Researchers explore ground cover substitute

By Ryan C. Christiansen
If researchers can find a species of grass that will live harmoniously with corn, that grass might provide the "living mulch" they are looking for to help make corn stover a viable option for cellulosic ethanol production.

This spring, Iowa State University researchers began studying whether certain types of ground cover might be planted alongside corn so that the stalks, leaves, husks and cobs of the corn plant can be safely removed from cornfields after harvest for use as a cellulosic ethanol feedstock. Traditionally, corn stover remains in the field after harvest to arrest wind and water erosion. Before spring planting, the crop residue is cultivated back into the soil to resupply nutrients.

So far, the most promising solution appears to be planting a ground cover of grasses between corn rows. The grasses would remain in the cornfield year-round and help to keep weeds down, which means that less herbicide might be needed. Also, if the grasses can be combined with certain types of fungi, less insecticide might be needed.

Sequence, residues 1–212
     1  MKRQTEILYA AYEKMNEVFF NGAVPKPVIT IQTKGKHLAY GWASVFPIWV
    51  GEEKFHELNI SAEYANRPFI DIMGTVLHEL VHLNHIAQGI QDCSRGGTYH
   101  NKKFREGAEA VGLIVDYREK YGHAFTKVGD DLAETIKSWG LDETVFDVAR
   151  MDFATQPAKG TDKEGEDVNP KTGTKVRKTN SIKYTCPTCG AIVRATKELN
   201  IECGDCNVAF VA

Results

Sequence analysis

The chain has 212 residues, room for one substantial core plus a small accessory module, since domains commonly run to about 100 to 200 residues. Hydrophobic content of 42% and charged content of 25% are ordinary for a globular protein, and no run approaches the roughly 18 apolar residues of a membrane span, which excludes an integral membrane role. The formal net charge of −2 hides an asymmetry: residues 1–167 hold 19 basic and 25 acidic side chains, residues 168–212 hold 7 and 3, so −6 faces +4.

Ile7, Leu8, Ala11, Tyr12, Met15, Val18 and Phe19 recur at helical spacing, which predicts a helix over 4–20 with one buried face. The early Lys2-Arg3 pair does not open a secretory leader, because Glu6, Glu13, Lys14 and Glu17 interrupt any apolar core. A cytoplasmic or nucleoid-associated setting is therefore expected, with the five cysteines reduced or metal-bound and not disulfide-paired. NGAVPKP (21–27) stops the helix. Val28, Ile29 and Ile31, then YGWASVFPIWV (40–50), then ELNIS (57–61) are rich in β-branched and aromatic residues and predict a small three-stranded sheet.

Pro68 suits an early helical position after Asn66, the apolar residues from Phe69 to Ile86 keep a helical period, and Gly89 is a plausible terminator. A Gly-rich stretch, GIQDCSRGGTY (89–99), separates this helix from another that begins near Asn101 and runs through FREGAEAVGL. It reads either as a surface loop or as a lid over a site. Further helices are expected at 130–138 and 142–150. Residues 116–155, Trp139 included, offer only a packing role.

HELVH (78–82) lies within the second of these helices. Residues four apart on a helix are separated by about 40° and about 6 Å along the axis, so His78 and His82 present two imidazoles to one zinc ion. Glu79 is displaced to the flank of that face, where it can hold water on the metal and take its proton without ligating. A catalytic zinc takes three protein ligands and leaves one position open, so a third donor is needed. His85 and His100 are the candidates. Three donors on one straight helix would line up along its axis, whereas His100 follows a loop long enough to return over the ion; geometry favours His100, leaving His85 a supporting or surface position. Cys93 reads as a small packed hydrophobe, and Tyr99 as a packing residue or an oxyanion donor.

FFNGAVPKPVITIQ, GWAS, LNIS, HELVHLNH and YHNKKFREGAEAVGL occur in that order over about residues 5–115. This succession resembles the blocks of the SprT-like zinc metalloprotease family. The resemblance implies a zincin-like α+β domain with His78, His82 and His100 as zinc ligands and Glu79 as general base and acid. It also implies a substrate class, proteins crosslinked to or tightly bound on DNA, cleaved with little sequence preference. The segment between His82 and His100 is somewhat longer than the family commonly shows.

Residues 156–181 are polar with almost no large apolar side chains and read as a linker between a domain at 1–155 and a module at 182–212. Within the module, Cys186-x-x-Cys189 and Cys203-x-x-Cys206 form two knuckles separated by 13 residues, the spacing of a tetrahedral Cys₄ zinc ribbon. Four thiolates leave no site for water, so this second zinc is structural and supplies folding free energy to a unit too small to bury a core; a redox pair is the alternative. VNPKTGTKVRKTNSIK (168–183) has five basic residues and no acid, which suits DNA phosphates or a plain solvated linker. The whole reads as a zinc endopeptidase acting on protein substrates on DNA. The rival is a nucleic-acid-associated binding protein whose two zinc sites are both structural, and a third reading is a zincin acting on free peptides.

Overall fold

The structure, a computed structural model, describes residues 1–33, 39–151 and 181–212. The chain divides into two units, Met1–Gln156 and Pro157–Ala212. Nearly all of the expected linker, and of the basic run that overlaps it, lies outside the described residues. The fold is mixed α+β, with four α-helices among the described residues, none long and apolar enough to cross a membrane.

The challenge is to find a way to grow grass and corn together without affecting corn yields because corn "doesn't like to be growing with anything else in the field," according to Kendall Lamkey, agronomy professor and chairman of the Department of Agronomy at the university. Corn is most vulnerable early in the growing season, he added. However, symbiotic relationships in the field are nothing new. "You see prairies that have these complementary mixtures of multiple species that grow and share space," said Ken Moore, ISU agronomy professor and lead researcher for the project. "In a way, we are sort of simulating the grassland systems that were originally here, but in a very simple way."

The research project is being funded by the Sun Grant Initiative, which receives its funding through the U.S. Department of Transportation, the U.S. DOE and the USDA. The study is scheduled to last three years.